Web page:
Seventeen years on from The Golden Decade we seem no further forward. Last year Christine Ohuruogu underwent unpardonable tabloid abuse for her forgetfulness in missing three tests. Now, following the BALCO scandal and the subsequent jailing of Marion Jones, we find ourselves gripped by a similar hysteria and worry. It has caused witch hunting of the kind experienced in the Massachusetts village of Salem in 1692, an hysteria compellingly dramatised by the late Arthur Miller in his play (and later film) The Crucible.

In the Golden Decade I wrote:

“…drug cheating strikes at the very core of a lifetime’s belief for so many people; belief in the ethos of fair play, in the purity of equal competition. If Britain was the mother of modern sport and its Olympian ideals it was felt right that we should impose the most Draconian penalties upon those who abuse the concepts that we invented. The danger in our approach would come – and there were some so passionate about the issue that they could take us there – when, as Miller had written ‘the repressions of order were heavier than seemed warranted by the dangers against which the order was organised.’ “

Drug taking in sport is a highly emotional issue, it stirs visceral and understandable anger, it goes against almost every reason to take part in sport at all. For those who have been denied Olympic fame and fortune by drug cheats the anguish must be great. It is why, for so many, the punishment is clear and simple: banishment from sport for life.

But there are many problems. Drug testing procedures are far from watertight; the whole concept of strict liability goes against natural justice; the quasi-courts seem loaded against the alleged transgressor who, guilty or no, is forced into very expensive legal representation in order to face the “prosecution.” And if cleared there is no compensation as Modahl would angrily verify; quasi drug courts cannot offer costs.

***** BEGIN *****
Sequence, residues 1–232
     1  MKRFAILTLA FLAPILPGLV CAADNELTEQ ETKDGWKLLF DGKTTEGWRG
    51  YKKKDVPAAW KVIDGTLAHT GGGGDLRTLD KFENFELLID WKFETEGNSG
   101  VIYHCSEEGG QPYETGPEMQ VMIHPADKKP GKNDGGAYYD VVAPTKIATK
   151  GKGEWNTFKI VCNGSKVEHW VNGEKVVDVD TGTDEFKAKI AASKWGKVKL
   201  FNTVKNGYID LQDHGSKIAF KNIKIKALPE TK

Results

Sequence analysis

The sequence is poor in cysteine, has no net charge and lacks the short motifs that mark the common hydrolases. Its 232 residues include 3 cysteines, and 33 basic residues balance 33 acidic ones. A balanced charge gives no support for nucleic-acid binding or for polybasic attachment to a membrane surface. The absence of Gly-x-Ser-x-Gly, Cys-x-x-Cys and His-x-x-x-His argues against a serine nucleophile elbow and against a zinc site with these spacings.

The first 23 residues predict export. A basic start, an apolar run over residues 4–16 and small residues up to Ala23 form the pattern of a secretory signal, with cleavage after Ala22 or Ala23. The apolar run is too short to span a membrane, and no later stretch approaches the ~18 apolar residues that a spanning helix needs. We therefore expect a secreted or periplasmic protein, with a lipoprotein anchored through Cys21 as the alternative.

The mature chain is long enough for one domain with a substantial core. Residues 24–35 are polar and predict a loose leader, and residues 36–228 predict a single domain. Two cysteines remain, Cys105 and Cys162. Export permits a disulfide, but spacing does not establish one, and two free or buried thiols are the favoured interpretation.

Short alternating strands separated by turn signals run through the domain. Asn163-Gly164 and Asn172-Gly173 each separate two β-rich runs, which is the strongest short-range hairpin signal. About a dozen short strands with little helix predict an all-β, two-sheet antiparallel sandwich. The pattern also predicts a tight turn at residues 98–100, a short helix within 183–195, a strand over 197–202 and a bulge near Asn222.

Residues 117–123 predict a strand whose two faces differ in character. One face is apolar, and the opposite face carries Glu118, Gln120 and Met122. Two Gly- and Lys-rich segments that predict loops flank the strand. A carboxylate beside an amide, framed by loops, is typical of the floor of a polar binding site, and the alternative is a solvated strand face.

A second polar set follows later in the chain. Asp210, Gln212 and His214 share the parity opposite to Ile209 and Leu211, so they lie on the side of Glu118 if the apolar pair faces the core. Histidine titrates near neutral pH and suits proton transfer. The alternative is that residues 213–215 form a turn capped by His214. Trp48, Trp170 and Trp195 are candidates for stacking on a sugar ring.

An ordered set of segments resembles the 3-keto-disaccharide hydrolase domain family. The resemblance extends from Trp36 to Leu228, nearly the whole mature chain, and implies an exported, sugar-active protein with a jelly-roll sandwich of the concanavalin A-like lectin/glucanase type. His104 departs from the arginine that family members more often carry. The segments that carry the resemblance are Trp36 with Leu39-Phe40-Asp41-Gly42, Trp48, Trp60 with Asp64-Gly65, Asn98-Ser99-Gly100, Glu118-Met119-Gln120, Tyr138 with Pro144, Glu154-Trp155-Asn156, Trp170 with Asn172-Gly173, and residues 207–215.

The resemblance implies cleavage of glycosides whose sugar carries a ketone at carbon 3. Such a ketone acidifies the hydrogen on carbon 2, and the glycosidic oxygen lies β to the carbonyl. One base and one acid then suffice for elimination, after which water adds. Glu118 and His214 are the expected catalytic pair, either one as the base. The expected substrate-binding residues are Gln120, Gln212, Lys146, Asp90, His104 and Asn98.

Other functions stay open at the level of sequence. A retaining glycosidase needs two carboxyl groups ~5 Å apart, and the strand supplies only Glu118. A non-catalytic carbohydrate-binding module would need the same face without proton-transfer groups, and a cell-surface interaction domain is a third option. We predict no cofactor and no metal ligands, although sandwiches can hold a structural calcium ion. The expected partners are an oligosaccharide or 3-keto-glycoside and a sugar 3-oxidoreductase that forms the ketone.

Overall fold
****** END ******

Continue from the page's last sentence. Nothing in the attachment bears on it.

And there is the million dollar question: just how serious, how widespread is the problem in actuality? Do a handful of high profile cases really warrant Miller’s “heavy repressions of order”? Are we, by listening to some, in danger of wandering, with our eyes wide shut, into an Orwellian world, where tagging (as seriously suggested by some) is a portent of quite absurd ideas of repression and where athletes’ human rights would be far more abused than they are now?

This year is the 20th anniversary of the year that the Olympic movement suffered, through Ben Johnson, an almost mortal blow. You would think that two decades is long enough for sport to get its act together but that is far from the case. Combating doping in sport is still a mess. There have been fluctuating periods of banishment from four to two years and now in some cases back to four again; sports and countries vary in their attitudes and implementation of the rules; there is uncertainty about some of the prohibited substances; the World Anti Doping Agency was set up in 1999 and literally tens of millions of dollars have been spent on its work with little or no change in the overall picture in nine years and now UKA, a signatory to WADA laws, is contemplating subverting the ethos of them by introducing bylaws.